Risk Management Roadmap: Navigating Environmental Due Diligence in Multi-Jurisdictional Transactions
Time 8 Minute Read

Depending upon the assets being acquired or project being developed, a well-designed due diligence plan can be a critical component in managing transaction risk both before and after closing or commercial operation. Adeptly managing the due diligence process requires careful thought to appropriate timing and scope at both the front and back ends.

Among the most critical items in ensuring a successful outcome are consulting decision-makers who are driving the transaction and engaging professionals to provide appropriate support well in advance. Too often, key risks are overlooked or not adequately allocated or managed as a result of a rushed or improperly focused due diligence effort. Particularly for assets or projects with an inherently higher environmental, health and safety, or social (EHSS) impact potential, attempting to manage risk through the purchase and sale or development agreements alone also may not suffice. For example, avoiding a risk by carving out particular assets, employing third-party risk management strategies such as insurance policies, and post-acquisition integration or stakeholder engagement plans can be among the more effective means of managing EHSS risk—but these each require careful strategic planning by a team of professionals with the skills and experience to navigate a transaction’s complexities, particularly in a cross-border context.

Every project and transaction differs; moreover, even two transactions that appear similar may require very different due diligence and risk mitigation approaches, depending upon the nature, objectives and risk appetites of the parties. Thus, it’s important to design a due diligence plan to properly address the transaction, both to avoid missing critical issues and to avoid getting bogged down or derailed by issues that are irrelevant or immaterial. General considerations helpful to calibrating an EHSS due diligence plan to the transaction and the parties include:

  • Type of asset or facility: Operations with higher potential for EHSS impacts likely justify investing more effort on front-end due diligence and risk-allocation structuring and planning for back-end risk mitigation strategies.
  • Type of buyer, developer or investor: The role and sophistication of a party also dictates the appropriate level and type of due diligence effort. A passive institutional investor or lender, for example, typically will have a different risk profile in the transaction or project relative to a strategic investor planning to operate a facility.
  • Co-parties and their roles: Their number, sophistication, solvency, relationship to one another and jurisdictions can be important to evaluating risk allocation among buyer, seller, developer and any other co-parties.
  • Type of transaction: Whether an acquisition is confined to a narrow set of assets or structured as a stock purchase can have a significant effect on the breadth and depth of environmental due diligence. Development project considerations also likely will differ significantly depending on the project ownership and operating structure.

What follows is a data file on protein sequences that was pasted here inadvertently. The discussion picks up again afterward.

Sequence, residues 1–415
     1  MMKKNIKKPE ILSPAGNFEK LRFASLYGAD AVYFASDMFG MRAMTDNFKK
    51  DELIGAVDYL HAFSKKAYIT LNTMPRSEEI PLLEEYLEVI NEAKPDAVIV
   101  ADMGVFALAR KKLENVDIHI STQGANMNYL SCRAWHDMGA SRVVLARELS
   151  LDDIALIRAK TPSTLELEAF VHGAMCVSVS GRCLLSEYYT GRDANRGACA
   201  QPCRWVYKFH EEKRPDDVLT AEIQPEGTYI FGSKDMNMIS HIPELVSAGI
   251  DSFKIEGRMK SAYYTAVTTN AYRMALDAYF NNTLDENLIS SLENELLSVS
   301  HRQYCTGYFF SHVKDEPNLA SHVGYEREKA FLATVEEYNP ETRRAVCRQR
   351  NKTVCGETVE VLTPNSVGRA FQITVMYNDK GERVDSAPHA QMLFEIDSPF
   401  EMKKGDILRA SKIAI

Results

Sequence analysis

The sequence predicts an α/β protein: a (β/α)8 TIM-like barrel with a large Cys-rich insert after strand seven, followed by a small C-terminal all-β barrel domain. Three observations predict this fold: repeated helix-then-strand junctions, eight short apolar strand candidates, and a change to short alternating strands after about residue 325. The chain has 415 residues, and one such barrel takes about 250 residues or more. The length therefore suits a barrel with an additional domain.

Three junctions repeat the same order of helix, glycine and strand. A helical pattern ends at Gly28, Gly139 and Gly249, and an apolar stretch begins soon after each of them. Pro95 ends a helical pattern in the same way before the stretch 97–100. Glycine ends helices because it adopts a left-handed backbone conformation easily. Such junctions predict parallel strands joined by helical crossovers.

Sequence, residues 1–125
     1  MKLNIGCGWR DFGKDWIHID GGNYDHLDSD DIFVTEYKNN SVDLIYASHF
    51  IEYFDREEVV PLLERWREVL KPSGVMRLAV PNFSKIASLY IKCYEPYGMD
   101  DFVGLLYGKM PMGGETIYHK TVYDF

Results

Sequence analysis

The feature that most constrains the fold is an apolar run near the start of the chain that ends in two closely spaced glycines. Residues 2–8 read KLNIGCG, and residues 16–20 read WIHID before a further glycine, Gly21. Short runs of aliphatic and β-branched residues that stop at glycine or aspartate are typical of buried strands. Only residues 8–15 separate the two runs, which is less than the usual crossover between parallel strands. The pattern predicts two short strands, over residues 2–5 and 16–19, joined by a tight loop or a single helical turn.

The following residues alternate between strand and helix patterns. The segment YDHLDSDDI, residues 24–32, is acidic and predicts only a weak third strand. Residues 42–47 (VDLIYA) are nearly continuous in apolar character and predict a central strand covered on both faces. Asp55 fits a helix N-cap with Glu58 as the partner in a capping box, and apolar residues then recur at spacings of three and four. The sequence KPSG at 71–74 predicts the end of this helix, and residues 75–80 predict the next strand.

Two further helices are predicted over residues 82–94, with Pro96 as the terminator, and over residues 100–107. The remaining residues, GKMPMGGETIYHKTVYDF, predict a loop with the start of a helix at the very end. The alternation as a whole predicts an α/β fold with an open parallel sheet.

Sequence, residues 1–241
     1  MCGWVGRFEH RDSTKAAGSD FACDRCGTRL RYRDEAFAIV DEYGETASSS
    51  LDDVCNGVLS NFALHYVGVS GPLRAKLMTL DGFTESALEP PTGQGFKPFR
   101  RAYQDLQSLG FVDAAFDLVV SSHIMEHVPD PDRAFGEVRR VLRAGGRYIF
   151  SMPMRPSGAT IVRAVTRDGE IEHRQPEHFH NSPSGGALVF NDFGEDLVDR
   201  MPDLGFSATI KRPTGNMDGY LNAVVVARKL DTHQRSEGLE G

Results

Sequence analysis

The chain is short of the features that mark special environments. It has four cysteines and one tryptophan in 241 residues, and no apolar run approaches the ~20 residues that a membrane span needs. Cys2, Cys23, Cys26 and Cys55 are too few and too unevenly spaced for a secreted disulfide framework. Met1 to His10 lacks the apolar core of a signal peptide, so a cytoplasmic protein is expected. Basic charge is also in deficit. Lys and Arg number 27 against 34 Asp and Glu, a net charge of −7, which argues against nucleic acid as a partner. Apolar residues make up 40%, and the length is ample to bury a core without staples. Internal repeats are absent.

• Jurisdiction: The project’s or assets’ location should be evaluated to identify applicable law of the local jurisdiction, any treaty or other international standards relevant to its operation or dispute resolution, degree of governmental and NGO focus on the industry or similar facilities and any unique litigation or dispute resolution risks.
  • Timing and availability of documentation & site access: Ensure availability early in the process—unanticipated impediments to accessing relevant documentation or to scheduling property or plant inspections can result in missed issues or deadlines.
  • Qualified consultants & local counsel: Similarly, it’s important to confirm availability of competent technical consultants and local counsel early in the process. Depending upon the type and complexity of the project or transaction, preferred professionals may be occupied with other priorities, unavailable due to conflicts or may require significant time to engage and define their scopes of work.
  • Legal privilege preservation: Where the due diligence process may uncover significant legal violations or other high-risk items posing significant legal exposure, qualified legal counsel should be consulted early to help scope the due diligence effort, manage consultants and others involved in the project or transaction; to assess identified risks for legal exposure and structure liability allocation strategies; and to assist in developing post-closing risk mitigation and stakeholder engagement plans.
  • Focused scope of work: Each of these considerations should be clearly documented in a due diligence work scope to ensure the effort is comprehensive but focused and to ensure clear definition of team objectives, roles, communication protocols and timelines.

Beyond the obvious categories of applicable local jurisdiction statutory or regulatory EHSS standards and routine due diligence tools such as a Phase I or II site assessment, key areas of focus to help define the due diligence team’s work scope include:

  • Ensure your focus isn’t overly narrow: As the environmental profession becomes increasingly specialized, it’s also increasingly important to ensure coverage of key risks beyond just the more obvious issues such as soil contamination and government permits; in both domestic and cross-border contexts, worker exposure, social responsibility and political considerations also may pose significant legal, commercial or reputational risk.